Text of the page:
by Geoff Rushton
The Penn State football head athletic trainer who served as live-in adviser for Beta Theta Pi fraternity said Wednesday he had no role in the drinking activities at the house the night pledge Timothy Piazza suffered a fatal fall.
In fact, he said, the duties of his adviser role didn’t involve him approving or overseeing social activities at all, and that he wasn’t aware whether or not alcohol consumption was taking place that night.
Tim Bream took the stand Wednesday in the ongoing preliminary hearing for former brothers and the Alpha Upsilon chapter of the fraternity who are charged with a variety of crimes in connection with the death of Piazza, who died on Feb. 4 from injuries suffered after falls during an alcohol-fueled bid acceptance night at the fraternity house.
Eighteen former members and the Alpha Upsilon chapter of Beta Theta Pi are facing a variety of charges
Leonard Ambrose — attorney for Joe Sala, one of the brothers charged with the most serious crimes including aggravated assault, involuntary manslaughter, simple assault and hazing – sought to subpoena Bream earlier in August and contended that a private investigator had adequately served the subpoena to Bream through staff a Penn State’s Lasch Football Building where Bream works and through the university’s general counsel.
He alleged Bream was avoiding being directly served and a contempt hearing was ordered for Wednesday.
The contempt issue was dismissed after Bream appeared and court and took the stand, and District Judge Allen Sinclair limited questioning to issues that could relate prima facie case against the defendants, not about what their impressions might have been of what he thought was going on.
Ambrose said he wanted to show that Bream knew activities involving alcohol were happening in the house and that created an impression in the mind of his client and other defendants that what was going on was permissible and negated the element of recklessness associated with the assault and involuntary manslaughter charges.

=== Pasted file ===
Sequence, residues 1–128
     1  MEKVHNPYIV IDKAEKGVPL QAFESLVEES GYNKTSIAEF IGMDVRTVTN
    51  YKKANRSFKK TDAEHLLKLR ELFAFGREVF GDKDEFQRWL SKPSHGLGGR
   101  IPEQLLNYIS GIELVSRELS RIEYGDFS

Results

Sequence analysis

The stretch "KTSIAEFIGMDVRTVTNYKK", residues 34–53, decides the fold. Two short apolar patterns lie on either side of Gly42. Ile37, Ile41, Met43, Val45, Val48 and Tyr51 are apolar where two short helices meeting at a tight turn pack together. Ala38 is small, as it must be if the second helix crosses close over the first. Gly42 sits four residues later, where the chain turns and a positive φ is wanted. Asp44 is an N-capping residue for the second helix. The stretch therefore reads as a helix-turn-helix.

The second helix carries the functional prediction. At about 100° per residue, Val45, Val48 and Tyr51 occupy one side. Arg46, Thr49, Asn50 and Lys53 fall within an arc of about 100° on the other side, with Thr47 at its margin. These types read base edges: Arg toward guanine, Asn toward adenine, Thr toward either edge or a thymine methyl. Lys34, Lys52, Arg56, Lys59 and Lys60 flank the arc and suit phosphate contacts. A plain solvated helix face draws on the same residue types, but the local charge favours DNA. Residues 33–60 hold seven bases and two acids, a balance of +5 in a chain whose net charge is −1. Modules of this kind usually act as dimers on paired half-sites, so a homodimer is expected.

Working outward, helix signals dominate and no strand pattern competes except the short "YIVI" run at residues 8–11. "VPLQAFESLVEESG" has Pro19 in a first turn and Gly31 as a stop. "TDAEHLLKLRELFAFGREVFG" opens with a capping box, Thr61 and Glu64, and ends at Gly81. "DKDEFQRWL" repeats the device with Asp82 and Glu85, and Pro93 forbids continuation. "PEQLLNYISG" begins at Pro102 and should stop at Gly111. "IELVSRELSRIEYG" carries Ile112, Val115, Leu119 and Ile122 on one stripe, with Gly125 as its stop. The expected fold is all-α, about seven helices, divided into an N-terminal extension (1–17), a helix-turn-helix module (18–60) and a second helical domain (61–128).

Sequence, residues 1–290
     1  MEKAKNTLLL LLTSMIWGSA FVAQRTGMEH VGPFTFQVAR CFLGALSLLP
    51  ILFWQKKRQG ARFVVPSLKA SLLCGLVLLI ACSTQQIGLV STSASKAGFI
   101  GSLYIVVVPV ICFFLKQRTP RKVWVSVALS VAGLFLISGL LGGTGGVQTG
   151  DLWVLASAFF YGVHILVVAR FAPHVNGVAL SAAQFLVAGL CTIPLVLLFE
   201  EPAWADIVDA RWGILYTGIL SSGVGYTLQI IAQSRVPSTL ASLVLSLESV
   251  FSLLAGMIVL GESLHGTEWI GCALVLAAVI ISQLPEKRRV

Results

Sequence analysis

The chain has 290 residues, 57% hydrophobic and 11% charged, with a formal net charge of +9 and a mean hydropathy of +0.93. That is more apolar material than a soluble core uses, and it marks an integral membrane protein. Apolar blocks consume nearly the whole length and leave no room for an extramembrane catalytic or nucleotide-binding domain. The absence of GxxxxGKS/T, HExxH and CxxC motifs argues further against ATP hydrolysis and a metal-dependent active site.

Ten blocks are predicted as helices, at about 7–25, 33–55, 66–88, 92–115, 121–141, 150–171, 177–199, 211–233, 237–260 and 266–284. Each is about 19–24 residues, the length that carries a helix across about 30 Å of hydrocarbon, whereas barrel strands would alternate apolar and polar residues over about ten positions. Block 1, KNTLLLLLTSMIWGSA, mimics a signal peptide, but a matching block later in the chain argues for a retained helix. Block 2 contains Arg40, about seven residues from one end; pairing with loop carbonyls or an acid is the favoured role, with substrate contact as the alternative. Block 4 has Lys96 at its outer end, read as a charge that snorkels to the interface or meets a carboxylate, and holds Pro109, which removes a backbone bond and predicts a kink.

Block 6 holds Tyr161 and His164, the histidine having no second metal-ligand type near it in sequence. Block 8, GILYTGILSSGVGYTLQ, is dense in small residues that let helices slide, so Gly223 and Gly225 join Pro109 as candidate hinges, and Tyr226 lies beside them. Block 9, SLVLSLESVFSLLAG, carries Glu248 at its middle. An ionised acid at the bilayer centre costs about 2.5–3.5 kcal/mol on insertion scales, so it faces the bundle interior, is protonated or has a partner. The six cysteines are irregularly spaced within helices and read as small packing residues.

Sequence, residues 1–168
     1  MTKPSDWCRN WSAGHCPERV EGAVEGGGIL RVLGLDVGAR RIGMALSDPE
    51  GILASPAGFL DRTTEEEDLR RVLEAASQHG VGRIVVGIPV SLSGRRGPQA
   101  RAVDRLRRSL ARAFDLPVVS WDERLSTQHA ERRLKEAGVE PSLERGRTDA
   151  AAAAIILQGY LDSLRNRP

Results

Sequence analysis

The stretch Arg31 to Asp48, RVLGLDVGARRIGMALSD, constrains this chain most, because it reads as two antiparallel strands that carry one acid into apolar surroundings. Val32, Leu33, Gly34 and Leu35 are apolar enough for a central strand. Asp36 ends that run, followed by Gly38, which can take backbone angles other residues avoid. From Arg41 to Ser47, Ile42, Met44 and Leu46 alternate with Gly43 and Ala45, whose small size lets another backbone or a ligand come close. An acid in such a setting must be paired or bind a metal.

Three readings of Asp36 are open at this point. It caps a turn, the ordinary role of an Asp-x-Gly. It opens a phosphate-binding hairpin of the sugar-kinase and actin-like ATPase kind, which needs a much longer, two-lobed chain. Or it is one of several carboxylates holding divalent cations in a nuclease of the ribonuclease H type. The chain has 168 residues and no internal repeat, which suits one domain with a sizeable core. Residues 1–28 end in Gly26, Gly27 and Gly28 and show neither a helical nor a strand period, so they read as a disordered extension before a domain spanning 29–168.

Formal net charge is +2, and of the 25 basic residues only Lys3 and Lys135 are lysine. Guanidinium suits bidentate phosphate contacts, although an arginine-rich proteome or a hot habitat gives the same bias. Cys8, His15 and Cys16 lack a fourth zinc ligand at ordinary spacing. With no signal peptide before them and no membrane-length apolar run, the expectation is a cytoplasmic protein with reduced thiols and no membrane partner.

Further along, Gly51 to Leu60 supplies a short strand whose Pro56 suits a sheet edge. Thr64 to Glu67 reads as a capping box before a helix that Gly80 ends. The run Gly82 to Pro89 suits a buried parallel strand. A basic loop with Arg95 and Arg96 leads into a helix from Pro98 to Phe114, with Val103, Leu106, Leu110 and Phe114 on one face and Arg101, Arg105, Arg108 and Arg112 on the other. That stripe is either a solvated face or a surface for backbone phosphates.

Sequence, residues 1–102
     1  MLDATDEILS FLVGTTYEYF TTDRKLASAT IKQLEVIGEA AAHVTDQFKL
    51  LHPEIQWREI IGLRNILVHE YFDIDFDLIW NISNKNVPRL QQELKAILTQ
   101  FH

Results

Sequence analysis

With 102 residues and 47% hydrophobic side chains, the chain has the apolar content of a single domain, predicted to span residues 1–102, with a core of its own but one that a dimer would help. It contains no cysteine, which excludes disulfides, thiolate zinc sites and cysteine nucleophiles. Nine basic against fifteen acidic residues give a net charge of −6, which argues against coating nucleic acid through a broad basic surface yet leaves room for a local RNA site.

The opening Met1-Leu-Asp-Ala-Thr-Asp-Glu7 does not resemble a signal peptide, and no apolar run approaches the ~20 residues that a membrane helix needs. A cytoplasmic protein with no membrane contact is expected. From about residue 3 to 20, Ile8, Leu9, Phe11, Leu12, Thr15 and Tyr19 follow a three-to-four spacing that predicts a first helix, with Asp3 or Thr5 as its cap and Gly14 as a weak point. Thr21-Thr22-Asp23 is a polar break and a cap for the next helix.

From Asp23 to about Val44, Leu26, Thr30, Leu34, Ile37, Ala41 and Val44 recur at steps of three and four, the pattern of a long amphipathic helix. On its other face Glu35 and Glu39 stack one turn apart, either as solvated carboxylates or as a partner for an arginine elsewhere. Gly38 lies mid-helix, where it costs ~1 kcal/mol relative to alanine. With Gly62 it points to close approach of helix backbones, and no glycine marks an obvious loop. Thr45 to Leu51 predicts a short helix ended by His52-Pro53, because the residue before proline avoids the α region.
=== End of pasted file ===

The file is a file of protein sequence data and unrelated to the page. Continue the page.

District Attorney Stacy Parks Miller countered that nothing Bream could testify to would negate the defendants alleged culpability
Earlier in August, a defense attorney asked lead investigator Det. David Scicchitano if he was aware Bream had personally approved “the gauntlet,” a series of drinking stations in which Piazza and other pledges consumed beer, wine and vodka in rapid succession.
Scicchitano didn’t answer at the time after an objection was sustained, but Bream was asked about it on Wednesday.
“In no way shape or form would give permission to any type of alcohol abuse or gauntlet, nor did I know about it that evening,” Bream testified.
He said that he has never consumed alcohol himself, partly because his father was an alcoholic, and in his role working with student-athletes cautions temperance and moderation in consuming alcohol.
Bream said his role at the house largely involved making sure the house was taken care of and dealing with finances. He would attend a weekly meeting of the fraternity’s executive and social committees, but only weighed in when asked for advice.
He testified that he knew the brothers planned to apply for a “social permit” from the Penn State Interfraternity Council, which would allow for alcohol and an exception to their “dry house” status, but didn’t know at the time if they had received it.
On the bid acceptance night, Bream said that he arrived home at about 9:15 p.m., shortly before the start of a ceremony in which brothers read from a book to the pledges in a darkened room. That part didn’t involve alcohol and he retired to his room afterward, where he remained until 5 a.m. the following morning.